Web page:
People under the age of 25 are too young to be able to afford cynicism - Diogenes the Pseudo Pesky Cynic
CHIPMAKER Intel has said that the cost of getting data to processors is too high.
Steve Pawlowski, an Intel senior fellow said, "Scaling DRAM is a problem", referring to the firm's ability to hit its high performance computing goals, adding, "DRAM performance hasn't gone up much." Earlier Pawlowski said that I/O to the processor has become a big issue and he claimed that DRAM manufacturers can expect problems as they move below 17nm.
Pawlowski said, "Beyond 17nm there are problems. DRAM manufacturers need to go more exotic [for solutions]", and suggested that chip stacking might be required. He also added, "increasing memory channels won't work", saying that there are physical pin limitations.
While Pawlowski's mooted solution of chip stacking isn't new, he did mention that it contains several research problems before it can be deployed. A big issue is cooling the lower layers, with Pawlowski giving an example of a experimental multi-layer chip the firm had mocked up in its labs that had its lowest layer melting due to insufficient heat dissipation.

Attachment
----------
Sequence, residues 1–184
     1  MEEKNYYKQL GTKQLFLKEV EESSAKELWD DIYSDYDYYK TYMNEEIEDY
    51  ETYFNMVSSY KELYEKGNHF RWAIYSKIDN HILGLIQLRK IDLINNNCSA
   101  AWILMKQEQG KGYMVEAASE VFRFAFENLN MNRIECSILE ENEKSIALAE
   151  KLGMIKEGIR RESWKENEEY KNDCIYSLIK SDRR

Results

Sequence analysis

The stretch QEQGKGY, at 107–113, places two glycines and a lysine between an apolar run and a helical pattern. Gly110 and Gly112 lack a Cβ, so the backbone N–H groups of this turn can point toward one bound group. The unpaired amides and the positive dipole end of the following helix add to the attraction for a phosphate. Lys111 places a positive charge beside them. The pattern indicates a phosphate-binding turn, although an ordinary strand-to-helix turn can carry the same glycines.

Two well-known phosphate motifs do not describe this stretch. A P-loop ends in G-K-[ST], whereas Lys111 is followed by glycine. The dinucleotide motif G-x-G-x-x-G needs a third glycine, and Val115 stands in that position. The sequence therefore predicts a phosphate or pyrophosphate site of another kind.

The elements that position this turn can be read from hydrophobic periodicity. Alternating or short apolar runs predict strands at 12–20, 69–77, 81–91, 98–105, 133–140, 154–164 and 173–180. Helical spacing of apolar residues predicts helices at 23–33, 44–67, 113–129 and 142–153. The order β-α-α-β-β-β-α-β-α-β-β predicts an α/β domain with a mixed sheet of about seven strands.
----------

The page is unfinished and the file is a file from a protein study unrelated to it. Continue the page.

Pawlowski also mentioned the idea of stacking multiple types of chips, suggesting that Intel could put DRAM chips underneath CPU cores, however once again he mentioned that heat could be an issue, saying, "DRAM still produces a considerable amount of heat."
Samsung, Hynix, Micron and other DRAM manufacturers will have to work closely with chip designers if Pawlowski's vision of integrating DRAM into the same die as the CPU becomes reality. The problem is, should DRAM and processor coupling becoming tighter, then customer choice among vendors could be severely limited.
Much like Pawlowski's claim that Intel will have look elsewhere for performance improvements needed to hit exascale performance, DRAM vendors will either have to saddle up with chip designers or spend big bucks looking at new ways to keep feeding faster processors with data. µ
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